partnership with the National Association of Elementary School Principals (NAESP) and the National Association for the Education of Young Children (NAEYC). This, too, would be educationally unjustifiable and constitutionally suspect. Government officials, including public school administrators, may not prohibit “the expression of an idea simply because society finds the idea itself offensive or disagreeable.” Texas v. Johnson (1989); see also Board of Education, Island Trees Union Free School District No. 26 v. Pico (1982) (“local school boards may not remove books from school libraries simply because they dislike the ideas contained in those books …”) In this case, the objection to the books is based solely on “dislike [for] the ideas contained” in it. While individuals are entitled to their own views, public school officials cannot remove material without a sound pedagogical basis for their decision. In the case of The Family Book, those vested with the responsibility of upholding the educational objectives of the school – the curriculum review committee – had their professional recommendation flatly ignored. Instead, lay public officials rejected these materials without providing any pedagogical basis for their veto. Parents “do not have a constitutional right to ‘direct how a public school teaches their child.’” Parker v. Hurley, 514 F. 3d 87, 102 (1st Cir., 2008) (rejecting parents’ efforts to remove books that offended their religious beliefs). Public schools have an obligation to “administer school curricula responsive to the overall educational needs of the community and its children.” Leebaert v. Harrington, 332 F.3d 134, 141 (2d Cir. 2003). Any other rule would put schools in the untenable position of having “to cater a curriculum for each student whose parents had genuine moral disagreements with the school’s choice of subject matter.” Brown v. Hot, Sexy and Safer Productions, Inc. 68 F.3d 525, 534 (1st Cir. 1995), cert. denied, 516 U.S. 1159 (1996). See also Swanson v. Guthrie Indep. School Dist. 135 F.3d 694, 699 (10th Cir. 1998); Littlefield v. Forney Indep. School, 268 F.3d 275, 291 (5th Cir. 2001). Thus, school officials have considerable discretion when they include material in the curriculum for educational reasons, while removal of material in response to religious or ideological objections may make a school district vulnerable to legal challenge. Compare Monteiro v. Tempe Union High School District (9th Cir. 1998) (recognizing the First Amendment right of students to read books selected for their “legitimate educational value” even if offensive to some parents and students), with Pratt v. Independent School Dist. No. 831 (8th Cir. 1982) and Case v. Unified School Dist. No. 233 (D. Kan. 1995) (First Amendment violated by removing materials because of hostility to content and message.) This book has sound educational value, as determined by your own teachers and education professionals. It is the school’s responsibility to provide a safe, non-discriminatory school environment, and to ensure that the anti-gay beliefs of some parents do not operate to the disadvantage of any students, no matter what their beliefs or sexual orientation. By institutionalizing the religious views of certain parents, you have failed in your obligations to serve the interests of students most vulnerable to harassment and bullying, and have failed to respect the constitutional rights of other students and their parents. We strongly urge you to recognize the legal, ethical and educational responsibility you owe all your students and their families and to reverse the decision to ban The Family Book and other similar materials. 2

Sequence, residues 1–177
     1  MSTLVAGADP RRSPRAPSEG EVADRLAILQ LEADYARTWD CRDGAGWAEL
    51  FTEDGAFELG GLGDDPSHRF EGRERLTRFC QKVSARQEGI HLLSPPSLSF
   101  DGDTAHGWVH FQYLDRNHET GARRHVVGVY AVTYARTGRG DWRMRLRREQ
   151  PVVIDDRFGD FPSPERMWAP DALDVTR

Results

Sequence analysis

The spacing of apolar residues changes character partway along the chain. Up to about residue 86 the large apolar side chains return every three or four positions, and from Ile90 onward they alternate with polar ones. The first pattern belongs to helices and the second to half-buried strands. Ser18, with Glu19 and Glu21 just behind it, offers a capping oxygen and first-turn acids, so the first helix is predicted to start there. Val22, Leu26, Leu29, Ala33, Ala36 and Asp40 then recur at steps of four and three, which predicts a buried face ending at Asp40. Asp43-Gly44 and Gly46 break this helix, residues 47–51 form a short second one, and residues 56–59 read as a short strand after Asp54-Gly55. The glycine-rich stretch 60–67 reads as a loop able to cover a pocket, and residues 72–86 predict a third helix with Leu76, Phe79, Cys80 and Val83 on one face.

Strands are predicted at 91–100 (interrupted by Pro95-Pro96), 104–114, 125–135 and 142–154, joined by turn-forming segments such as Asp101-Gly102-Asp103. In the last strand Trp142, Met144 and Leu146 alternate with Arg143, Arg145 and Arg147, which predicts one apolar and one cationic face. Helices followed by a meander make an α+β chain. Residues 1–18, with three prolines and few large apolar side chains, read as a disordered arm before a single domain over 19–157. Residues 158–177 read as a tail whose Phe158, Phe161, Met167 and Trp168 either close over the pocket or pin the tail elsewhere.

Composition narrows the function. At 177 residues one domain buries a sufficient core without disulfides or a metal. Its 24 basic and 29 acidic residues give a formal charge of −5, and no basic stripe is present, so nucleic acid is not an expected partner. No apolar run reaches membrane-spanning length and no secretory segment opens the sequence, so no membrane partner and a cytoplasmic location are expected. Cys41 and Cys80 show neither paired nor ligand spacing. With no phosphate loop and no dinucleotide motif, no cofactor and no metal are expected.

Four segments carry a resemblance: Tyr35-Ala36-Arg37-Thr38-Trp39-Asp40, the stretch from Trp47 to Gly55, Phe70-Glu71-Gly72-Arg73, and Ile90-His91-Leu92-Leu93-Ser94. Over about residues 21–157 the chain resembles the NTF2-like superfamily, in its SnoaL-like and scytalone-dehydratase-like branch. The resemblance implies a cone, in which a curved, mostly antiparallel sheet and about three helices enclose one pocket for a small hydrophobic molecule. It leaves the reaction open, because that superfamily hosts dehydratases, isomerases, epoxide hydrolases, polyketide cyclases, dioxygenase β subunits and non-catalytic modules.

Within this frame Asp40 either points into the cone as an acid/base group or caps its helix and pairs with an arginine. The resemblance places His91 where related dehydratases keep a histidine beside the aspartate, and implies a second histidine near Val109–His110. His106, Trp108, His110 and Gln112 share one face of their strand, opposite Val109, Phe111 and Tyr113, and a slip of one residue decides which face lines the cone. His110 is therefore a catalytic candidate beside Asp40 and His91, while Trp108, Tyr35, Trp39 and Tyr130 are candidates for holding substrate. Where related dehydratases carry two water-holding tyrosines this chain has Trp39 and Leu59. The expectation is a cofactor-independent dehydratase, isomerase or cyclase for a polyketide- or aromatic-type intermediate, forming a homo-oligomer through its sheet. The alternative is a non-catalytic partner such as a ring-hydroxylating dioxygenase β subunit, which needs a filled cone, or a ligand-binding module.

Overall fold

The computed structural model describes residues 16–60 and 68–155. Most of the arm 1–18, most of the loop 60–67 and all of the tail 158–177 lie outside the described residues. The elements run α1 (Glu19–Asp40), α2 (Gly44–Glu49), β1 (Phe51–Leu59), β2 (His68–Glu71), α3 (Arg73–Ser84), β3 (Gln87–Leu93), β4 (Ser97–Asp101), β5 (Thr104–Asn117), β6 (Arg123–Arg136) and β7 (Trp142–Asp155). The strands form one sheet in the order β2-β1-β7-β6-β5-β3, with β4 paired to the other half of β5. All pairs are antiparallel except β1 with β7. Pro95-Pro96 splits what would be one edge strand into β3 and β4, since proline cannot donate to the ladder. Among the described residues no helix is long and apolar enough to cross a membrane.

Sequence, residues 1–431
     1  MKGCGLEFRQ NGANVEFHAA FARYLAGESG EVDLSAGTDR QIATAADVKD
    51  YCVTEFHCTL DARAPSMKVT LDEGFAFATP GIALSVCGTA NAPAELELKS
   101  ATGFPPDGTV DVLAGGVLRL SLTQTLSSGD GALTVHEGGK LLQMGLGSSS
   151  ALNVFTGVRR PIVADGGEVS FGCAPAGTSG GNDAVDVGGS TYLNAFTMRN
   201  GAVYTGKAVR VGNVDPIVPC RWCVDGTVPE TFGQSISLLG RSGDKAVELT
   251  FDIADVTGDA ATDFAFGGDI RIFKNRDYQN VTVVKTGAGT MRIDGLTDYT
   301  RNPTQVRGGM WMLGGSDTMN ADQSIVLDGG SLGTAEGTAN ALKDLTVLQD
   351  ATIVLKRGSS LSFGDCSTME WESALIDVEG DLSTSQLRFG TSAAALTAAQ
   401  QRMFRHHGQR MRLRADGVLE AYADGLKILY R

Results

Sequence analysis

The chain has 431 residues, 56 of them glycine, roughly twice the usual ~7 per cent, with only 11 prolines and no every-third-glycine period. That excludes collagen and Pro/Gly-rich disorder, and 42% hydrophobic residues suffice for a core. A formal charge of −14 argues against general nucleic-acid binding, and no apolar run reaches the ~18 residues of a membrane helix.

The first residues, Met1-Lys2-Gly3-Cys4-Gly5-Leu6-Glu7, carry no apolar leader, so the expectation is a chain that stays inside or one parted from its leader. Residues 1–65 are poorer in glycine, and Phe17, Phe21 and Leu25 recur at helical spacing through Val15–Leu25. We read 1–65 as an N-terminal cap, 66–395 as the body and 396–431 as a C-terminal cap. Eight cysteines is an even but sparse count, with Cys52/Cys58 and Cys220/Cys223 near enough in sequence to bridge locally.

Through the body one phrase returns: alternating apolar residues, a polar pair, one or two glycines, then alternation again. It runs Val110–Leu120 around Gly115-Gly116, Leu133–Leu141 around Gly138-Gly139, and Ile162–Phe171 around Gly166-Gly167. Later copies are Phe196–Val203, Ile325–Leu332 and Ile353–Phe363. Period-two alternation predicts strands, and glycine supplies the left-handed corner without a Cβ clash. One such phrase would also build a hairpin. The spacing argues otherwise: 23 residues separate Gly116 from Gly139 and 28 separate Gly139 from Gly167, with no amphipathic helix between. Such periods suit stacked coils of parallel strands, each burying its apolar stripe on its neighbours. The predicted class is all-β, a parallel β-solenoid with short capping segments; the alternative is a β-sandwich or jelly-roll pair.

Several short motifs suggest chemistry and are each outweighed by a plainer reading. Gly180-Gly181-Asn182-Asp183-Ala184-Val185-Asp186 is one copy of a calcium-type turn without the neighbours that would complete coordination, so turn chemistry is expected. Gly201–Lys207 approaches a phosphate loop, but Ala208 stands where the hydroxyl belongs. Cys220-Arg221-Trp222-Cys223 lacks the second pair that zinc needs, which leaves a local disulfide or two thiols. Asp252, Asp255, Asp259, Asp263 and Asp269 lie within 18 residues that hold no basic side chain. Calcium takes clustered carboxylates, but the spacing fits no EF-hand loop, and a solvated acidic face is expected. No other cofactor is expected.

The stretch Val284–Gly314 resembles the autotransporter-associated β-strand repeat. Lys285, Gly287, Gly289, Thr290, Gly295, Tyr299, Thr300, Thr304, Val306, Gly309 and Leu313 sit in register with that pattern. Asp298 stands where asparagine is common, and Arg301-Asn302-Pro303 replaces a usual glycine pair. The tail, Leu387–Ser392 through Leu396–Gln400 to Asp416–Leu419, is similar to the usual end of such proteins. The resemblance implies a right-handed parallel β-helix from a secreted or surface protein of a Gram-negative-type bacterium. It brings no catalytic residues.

We look forward to hearing from you. Sincerely,

Joan Bertin Executive Director National Coalition Against Censorship 19 Fulton Street, Suite 407 New York, NY 10038 (212) 807-6222 ext. 101 Bertin@ncac.org

Chris Finan President American Booksellers Foundation for Free Expression 19 Fulton Street, Suite 407 New York, NY 10038 (212) 587-4025 ext. 4 chris@abffe.org

Megan Tingley Senior Vice President and Publisher Little, Brown Books for Young Readers

Florrie Kichler President The Independent Book Publishers Association

Alexandra Owens Executive Director American Society of Journalists and Authors

Kent Williamson Executive Director National Council of Teachers of English

Judith Platt Director, Free Expression Advocacy Association of American Publishers

Charles Brownstein Executive Director Comic Book Legal Defense Fund

Lonnie Nasatir Regional Director Anti-Defamation League